17. ^ "Chester Smalkowski, Nadia Smalkowski, American Atheists v. Hardesty Public School District" (PDF). American Atheists. August 2006. Archived from the original (PDF) on September 26, 2007. Retrieved September 27, 2007.
  18. ^ "Atheists go on the political offensive in God-fearing US," The Sunday Telegraph, May 6, 2007.
  19. ^ "Announcement at NoGod blog". Archived from the original on May 13, 2008.
  20. ^ History of the Organization; American Atheists; 2018
  21. ^ "Dave Silverman, President-elect « No God Blog". September 20, 2010. Archived from the original on September 20, 2010.
  22. ^ "Update Regarding David Silverman". American Atheists, Inc. April 13, 2018. Retrieved April 13, 2018.
  23. ^ Mehta, Hemant (April 13, 2018). "David Silverman Has Been Fired from American Atheists". Patheos. Retrieved April 13, 2018.
  24. ^ This Firebrand Atheist Was Just Fired After Allegations Of Financial Conflicts And Sexual Assault Peter Aldhous, Buzzfeed, April 14, 2018
  25. ^ Former American Atheists President Ed Buckner Appointed Interim Executive Director; American Atheists; May 2, 2018
  26. ^ The Fix Analysis Kyrsten Sinema broke a slew of barriers with her Senate win. So how was identity a nonissue in her race?, The Washington PostBy Eugene Scott, November 20, 2018
  27. ^ a b Salmon, Jacqueline (September 15, 2007). "In America, Nonbelievers Find Strength in Numbers". The Washington Post. Retrieved September 27, 2007.
  28. ^ Sam Harris. "10 myths – and 10 truths – about atheism," Los Angeles Times, December 24, 2006.
  29. ^ "Press Release: Atheists to Unveil Florida Courthouse Monument". American Atheists. May 29, 2013. Retrieved June 17, 2013.
  30. ^ Maddow, Rachel (July 6, 2012). "This Week in God". MSNBC. Archived from the original on July 24, 2013. Retrieved August 2, 2013.
  31. ^ Patel, Vikram (March 8, 2012). "Atheist Billboard Enrages Jewish Community". The Brooklyn Ink. Archived from the original on May 11, 2012. Retrieved March 27, 2012.((cite news)): CS1 maint: unfit URL (link)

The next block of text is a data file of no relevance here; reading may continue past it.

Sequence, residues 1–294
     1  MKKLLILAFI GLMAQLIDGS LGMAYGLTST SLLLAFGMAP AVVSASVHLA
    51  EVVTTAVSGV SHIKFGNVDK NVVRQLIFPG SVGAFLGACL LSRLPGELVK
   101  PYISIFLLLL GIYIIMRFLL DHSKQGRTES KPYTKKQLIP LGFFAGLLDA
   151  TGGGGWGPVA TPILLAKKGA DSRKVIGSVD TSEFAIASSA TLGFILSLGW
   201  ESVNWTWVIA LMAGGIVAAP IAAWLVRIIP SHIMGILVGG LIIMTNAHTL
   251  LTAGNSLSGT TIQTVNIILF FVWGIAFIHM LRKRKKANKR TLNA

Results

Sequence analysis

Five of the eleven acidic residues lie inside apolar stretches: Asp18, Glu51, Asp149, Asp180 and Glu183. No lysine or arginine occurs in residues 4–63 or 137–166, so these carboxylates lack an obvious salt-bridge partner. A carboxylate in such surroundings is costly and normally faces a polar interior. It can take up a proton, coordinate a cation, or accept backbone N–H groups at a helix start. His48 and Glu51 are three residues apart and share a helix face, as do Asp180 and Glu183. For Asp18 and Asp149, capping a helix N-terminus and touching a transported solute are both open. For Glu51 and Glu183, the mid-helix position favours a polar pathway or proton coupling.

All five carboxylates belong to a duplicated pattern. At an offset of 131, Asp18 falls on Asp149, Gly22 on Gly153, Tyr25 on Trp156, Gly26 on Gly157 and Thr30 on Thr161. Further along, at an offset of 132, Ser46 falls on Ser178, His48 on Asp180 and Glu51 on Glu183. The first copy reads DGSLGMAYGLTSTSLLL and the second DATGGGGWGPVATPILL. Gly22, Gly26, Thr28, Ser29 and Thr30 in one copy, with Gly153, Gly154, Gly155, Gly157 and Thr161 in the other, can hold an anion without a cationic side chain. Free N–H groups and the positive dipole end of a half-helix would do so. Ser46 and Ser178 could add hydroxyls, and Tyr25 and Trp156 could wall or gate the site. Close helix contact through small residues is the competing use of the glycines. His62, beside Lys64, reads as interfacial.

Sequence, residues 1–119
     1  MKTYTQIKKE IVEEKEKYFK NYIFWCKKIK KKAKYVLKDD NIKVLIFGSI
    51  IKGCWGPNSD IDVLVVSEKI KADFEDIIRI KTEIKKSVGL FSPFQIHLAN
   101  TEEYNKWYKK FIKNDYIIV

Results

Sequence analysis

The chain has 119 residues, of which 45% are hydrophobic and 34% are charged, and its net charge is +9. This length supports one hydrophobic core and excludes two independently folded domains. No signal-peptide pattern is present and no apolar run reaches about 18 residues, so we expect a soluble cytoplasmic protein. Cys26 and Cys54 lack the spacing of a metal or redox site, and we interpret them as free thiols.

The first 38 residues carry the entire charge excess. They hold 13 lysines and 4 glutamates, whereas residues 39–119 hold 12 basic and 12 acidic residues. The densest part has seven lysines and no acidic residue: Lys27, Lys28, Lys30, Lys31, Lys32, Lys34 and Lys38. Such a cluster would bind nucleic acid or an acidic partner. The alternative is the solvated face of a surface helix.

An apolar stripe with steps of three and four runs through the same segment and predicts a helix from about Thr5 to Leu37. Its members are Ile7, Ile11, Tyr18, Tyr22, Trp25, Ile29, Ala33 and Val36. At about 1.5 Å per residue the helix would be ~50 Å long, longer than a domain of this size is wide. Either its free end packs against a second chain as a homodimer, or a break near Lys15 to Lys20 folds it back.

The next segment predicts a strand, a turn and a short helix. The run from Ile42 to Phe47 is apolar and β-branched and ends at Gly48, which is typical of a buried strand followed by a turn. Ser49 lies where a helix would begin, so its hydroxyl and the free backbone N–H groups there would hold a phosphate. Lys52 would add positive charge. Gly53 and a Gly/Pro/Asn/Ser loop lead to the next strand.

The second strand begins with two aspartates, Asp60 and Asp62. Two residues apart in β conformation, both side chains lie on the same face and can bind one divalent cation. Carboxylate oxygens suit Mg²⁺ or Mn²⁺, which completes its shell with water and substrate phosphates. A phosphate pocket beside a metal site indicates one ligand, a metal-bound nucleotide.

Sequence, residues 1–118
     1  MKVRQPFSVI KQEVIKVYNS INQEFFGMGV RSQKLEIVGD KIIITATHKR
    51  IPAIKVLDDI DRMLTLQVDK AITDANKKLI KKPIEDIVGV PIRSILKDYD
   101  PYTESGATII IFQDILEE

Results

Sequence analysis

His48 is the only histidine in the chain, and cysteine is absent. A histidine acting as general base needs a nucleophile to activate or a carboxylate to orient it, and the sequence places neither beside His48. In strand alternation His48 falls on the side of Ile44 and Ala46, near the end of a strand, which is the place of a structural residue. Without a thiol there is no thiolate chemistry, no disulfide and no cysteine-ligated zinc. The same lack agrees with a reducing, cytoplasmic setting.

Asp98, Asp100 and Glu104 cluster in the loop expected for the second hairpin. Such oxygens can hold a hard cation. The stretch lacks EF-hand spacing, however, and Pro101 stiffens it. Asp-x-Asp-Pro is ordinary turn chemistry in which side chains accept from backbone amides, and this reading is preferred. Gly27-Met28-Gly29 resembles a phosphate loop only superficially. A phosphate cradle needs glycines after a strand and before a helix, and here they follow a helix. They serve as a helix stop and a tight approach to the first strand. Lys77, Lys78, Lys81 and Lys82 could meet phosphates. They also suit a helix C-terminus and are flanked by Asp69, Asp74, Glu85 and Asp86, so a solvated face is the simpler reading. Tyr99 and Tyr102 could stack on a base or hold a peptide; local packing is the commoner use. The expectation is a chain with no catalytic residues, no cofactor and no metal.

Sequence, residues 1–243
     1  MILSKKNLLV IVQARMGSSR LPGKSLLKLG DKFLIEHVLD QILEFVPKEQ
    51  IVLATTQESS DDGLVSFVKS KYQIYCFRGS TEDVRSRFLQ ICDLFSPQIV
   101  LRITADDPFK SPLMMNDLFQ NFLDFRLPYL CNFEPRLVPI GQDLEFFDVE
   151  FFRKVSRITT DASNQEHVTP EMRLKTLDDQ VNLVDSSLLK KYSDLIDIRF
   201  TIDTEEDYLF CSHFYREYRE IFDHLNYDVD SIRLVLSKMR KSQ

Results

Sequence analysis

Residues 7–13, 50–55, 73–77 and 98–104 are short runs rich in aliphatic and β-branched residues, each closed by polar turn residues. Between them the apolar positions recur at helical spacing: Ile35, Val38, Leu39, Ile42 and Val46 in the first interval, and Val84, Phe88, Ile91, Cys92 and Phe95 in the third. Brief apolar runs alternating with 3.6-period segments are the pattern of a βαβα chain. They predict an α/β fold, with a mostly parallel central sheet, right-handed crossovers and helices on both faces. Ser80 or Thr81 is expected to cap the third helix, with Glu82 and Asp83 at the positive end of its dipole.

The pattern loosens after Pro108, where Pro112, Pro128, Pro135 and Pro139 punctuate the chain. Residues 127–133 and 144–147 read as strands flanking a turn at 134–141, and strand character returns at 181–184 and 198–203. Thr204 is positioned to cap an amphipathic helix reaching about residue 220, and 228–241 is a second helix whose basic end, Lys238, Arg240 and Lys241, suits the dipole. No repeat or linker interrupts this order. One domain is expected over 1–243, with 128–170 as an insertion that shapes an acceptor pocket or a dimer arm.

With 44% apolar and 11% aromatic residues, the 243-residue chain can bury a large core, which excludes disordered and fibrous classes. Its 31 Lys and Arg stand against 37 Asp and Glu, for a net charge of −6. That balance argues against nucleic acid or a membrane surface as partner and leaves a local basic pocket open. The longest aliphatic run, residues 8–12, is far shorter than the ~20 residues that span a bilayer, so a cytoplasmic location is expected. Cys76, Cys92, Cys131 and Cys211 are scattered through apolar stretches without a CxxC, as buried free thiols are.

32. ^ Marrapodi, Eric (March 7, 2012). "Hebrew atheist billboard gets bumped in New York". CNN.
  33. ^ Gryboski, Michael (March 26, 2012). "Atheist Billboard Not Allowed in Orthodox Jewish Community". The Christian Post.
  34. ^ Dolan, Laura (November 30, 2010). "Dueling billboards face off in Christmas controversy". CNN.
  35. ^ Slotnik, David (November 30, 2010). "Catholics Fire Back in Christmas Billboard Battle". The New York Times.
  36. ^ Gypsy, Joyful (March 7, 2012). "Atheist Billboard Goes Up in NJ Muslim Neighborhood". CNN.
  37. ^ [1], NY Times coverage of launch.
  38. ^ [2], Religion & Spirituality section, for US customers.
  39. ^ "American Atheists Lawsuits". American Atheists. 2006. Archived from the original on October 2, 2007. Retrieved January 2, 2012.
  40. ^ [3]. American Atheists.
  41. ^ [4]. American Atheists.
  42. ^ "Atheists file lawsuit over Day of Faith". The Florida Times-Union. September 2, 2006. Retrieved October 27, 2007.
  43. ^ [5]. American Atheists.
  44. ^ [6]. American Atheists.
  45. ^ Steitzer, Stephanie (August 26, 2009 ). "Court strikes down reference to God in state law". The Courier-Journal.
  46. ^ [7]. American Atheists.
  47. ^ Kirpalani, Reshma (July 27, 2011). "American Atheists Sue Over World Trade Center Cross". ABC News. Retrieved June 17, 2013.
  48. ^ Sekulow, Jordan; Clark, Matthew (April 4, 2013). "Why the 'Ground Zero Cross' should remain". The Washington Post. Archived from the original on October 29, 2013. Retrieved June 17, 2013.